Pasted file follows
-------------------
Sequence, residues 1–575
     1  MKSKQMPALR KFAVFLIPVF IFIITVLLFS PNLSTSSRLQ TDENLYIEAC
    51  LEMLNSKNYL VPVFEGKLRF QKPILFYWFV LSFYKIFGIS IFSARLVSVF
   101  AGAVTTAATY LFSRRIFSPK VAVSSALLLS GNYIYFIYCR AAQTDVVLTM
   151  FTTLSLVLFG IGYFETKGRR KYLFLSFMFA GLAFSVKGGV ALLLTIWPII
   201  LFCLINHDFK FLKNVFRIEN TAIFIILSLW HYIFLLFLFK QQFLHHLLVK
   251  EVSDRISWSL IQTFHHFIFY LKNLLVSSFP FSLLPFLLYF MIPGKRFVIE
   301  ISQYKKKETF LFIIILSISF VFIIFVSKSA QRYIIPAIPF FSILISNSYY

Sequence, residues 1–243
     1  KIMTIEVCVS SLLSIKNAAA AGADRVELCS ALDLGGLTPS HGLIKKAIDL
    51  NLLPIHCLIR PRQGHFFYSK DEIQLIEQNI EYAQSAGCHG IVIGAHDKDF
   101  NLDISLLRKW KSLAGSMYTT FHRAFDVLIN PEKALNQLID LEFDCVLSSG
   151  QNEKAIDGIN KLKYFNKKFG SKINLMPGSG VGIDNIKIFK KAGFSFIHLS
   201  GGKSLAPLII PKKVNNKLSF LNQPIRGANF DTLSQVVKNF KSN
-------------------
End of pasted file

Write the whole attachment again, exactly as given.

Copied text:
Sequence, residues 1–575
     1  MKSKQMPALR KFAVFLIPVF IFIITVLLFS PNLSTSSRLQ TDENLYIEAC
    51  LEMLNSKNYL VPVFEGKLRF QKPILFYWFV LSFYKIFGIS IFSARLVSVF
   101  AGAVTTAATY LFSRRIFSPK VAVSSALLLS GNYIYFIYCR AAQTDVVLTM
   151  FTTLSLVLFG IGYFETKGRR KYLFLSFMFA GLAFSVKGGV ALLLTIWPII
   201  LFCLINHDFK FLKNVFRIEN TAIFIILSLW HYIFLLFLFK QQFLHHLLVK
   251  EVSDRISWSL IQTFHHFIFY LKNLLVSSFP FSLLPFLLYF MIPGKRFVIE
   301  ISQYKKKETF LFIIILSISF VFIIFVSKSA QRYIIPAIPF FSILISNSYY

Sequence, residues 1–243
     1  KIMTIEVCVS SLLSIKNAAA AGADRVELCS ALDLGGLTPS HGLIKKAIDL
    51  NLLPIHCLIR PRQGHFFYSK DEIQLIEQNI EYAQSAGCHG IVIGAHDKDF
   101  NLDISLLRKW KSLAGSMYTT FHRAFDVLIN PEKALNQLID LEFDCVLSSG
   151  QNEKAIDGIN KLKYFNKKFG SKINLMPGSG VGIDNIKIFK KAGFSFIHLS
   201  GGKSLAPLII PKKVNNKLSF LNQPIRGANF DTLSQVVKNF KSN